Hollywood has lost a legend.
Oscar-winning Scottish actor Sean Connery, the first of seven actors to play James Bond in a movie, has died at age 90.
He passed away in the Bahamas, where he had spent his final years. A statement issued on Saturday, Oct. 31 to E! News on behalf of his family said that his wife Micheline and his two sons, Jason and Stephane, confirmed that he died peacefully in his sleep, surrounded by family.
There will be a private ceremony followed by a memorial yet to be planned once the COVID-19 pandemic has ended, the statement added.
Jason said in a statement to the BBC, "We are all working at understanding this huge event as it only happened so recently, even though my dad has been unwell for some time. A sad day for all who knew and loved my dad and a sad loss for all people around the world who enjoyed the wonderful gift he had as an actor."
Producers who worked on a number of James Bond films also announced the actor's death on the hit super spy franchise's Twitter page.
"Sir Sean Connery has died at the age of 90," the post read, using the title the star received in 2000 when he was knighted by Queen Elizabeth II. He received the honor for his contribution to the arts.
"I He was the first actor to play James Bond on the big screen in Dr. No in 1962, From Russia With Love, Goldfinger, Thunderball, You Only Live Twice and Diamonds Are Forever followed," the post continued.
James Bond film producer and writer Michael G. Wilson, who worked with Connery on Goldfinger, and fellow longtime 007 producer Barbara Broccoli added in a joint statement, "We are devastated by the news of the passing of Sir Sean Connery."
"He was and shall always be remembered as the original James Bond whose indelible entrance into cinema history began when he announced those unforgettable words—'The name's Bond... James Bond'—he revolutionised the world with his gritty and witty portrayal of the sexy and charismatic secret agent," they continued. "He is undoubtedly largely responsible for the success of the film series and we shall be forever grateful to him."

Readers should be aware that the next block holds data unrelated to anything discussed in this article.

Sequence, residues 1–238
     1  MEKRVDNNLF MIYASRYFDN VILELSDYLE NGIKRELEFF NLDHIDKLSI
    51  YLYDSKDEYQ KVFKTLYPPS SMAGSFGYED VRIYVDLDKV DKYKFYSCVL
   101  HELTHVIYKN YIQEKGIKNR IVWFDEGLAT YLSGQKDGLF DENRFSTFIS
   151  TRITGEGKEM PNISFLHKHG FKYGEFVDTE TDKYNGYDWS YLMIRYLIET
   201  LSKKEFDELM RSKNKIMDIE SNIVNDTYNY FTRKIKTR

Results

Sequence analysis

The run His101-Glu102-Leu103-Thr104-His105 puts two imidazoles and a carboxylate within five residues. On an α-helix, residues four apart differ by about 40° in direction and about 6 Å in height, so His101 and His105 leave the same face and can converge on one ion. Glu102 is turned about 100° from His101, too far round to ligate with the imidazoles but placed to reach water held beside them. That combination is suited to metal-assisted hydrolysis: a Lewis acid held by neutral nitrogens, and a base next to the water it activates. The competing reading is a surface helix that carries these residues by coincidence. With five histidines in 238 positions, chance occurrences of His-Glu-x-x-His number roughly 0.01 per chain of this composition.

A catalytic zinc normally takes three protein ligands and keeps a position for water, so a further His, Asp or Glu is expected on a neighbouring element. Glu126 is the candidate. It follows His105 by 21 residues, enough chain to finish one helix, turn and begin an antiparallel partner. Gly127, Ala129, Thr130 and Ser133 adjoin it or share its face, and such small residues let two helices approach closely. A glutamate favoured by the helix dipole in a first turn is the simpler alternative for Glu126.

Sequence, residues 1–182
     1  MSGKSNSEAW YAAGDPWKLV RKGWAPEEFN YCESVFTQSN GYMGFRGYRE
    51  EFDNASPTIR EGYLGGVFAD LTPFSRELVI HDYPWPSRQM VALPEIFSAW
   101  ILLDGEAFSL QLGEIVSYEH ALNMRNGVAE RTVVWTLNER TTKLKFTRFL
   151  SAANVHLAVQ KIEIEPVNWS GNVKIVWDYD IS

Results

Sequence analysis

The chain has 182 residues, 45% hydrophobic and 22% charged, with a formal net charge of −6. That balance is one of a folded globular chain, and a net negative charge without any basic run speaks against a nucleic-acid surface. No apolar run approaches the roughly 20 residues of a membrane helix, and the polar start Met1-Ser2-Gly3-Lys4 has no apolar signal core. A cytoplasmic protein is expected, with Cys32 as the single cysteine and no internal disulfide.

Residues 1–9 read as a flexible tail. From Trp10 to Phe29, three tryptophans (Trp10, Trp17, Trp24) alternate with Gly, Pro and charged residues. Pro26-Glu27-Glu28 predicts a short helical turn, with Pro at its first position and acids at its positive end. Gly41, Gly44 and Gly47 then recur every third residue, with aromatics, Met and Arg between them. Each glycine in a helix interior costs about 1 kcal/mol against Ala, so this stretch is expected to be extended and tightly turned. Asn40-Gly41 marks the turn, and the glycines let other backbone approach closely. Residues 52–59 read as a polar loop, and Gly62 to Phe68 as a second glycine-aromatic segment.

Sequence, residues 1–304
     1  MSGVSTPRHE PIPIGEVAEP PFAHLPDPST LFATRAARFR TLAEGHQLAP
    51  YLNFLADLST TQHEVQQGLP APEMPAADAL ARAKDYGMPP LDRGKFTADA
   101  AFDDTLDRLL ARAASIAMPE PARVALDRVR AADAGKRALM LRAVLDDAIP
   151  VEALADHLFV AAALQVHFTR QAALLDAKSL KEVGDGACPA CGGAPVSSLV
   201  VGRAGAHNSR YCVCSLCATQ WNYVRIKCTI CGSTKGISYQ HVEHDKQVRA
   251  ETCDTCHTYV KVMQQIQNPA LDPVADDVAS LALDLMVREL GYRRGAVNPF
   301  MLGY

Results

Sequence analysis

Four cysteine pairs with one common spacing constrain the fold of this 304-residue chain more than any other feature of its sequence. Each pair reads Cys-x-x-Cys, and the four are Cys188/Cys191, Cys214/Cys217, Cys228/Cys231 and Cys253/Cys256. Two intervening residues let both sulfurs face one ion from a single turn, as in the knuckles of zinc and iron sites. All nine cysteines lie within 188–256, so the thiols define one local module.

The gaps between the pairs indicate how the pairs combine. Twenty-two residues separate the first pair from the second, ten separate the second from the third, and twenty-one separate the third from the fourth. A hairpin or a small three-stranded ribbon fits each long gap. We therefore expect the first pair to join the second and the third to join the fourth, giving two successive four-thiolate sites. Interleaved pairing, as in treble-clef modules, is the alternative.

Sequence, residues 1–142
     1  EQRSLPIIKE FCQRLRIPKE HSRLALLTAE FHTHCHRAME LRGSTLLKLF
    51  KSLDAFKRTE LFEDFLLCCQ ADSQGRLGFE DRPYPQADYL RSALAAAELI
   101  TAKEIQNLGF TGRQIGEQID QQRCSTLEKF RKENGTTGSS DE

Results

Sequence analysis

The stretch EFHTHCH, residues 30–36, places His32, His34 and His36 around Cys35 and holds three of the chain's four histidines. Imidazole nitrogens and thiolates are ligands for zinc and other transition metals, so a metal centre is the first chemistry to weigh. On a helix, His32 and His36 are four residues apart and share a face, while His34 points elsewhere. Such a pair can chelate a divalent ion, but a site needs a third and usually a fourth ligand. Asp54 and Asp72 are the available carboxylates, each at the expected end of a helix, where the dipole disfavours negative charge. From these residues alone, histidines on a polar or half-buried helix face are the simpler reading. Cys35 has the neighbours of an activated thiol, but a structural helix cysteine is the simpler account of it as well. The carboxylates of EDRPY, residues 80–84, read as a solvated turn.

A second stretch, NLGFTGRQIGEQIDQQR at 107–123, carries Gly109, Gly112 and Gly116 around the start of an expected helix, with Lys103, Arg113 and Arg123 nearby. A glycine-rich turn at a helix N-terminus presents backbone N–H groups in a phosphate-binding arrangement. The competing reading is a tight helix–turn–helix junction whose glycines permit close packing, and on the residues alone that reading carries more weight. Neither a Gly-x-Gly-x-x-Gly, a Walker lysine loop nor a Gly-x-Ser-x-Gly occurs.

Born in Edinburgh in 1930, Connery began his on-screen acting career in the 1950s with mostly TV roles before he made his debut and left audiences shaken, not stirred, as Bond in Dr. No, a film that would make him a global superstar. In 1988, he won an Oscar for his supporting role in The Untouchables.
He also starred in movies such as Alfred Hitchcock's Marnie and the 1974 film Murder on the Orient Express, and later became known for performances in films like Indiana Jones and the Last Crusade, Highlander and its sequel, The Hunt for Red October and The Rock. Connery retired from acting after starring in the 2003 film The League of Extraordinary Gentlemen, although he did some voice-over work here and there during the next decade.
In 2005, he told an interviewer that he was done with acting, less because of his age than because of the "idiots now making films in Hollywood," according to the New York Times.
The BBC quoted Connery's friend Alex Salmond, former first minister of Scotland, as saying the actor was "the world's greatest Scot, the last of the real Hollywood stars, the definitive Bond".
He said, "Sean Connery was all of these things but much more. He was also a staunch patriot, a deep thinker and outstanding human being. He added: "'Scotland Forever' wasn't just tattooed on his forearm but was imprinted on his soul."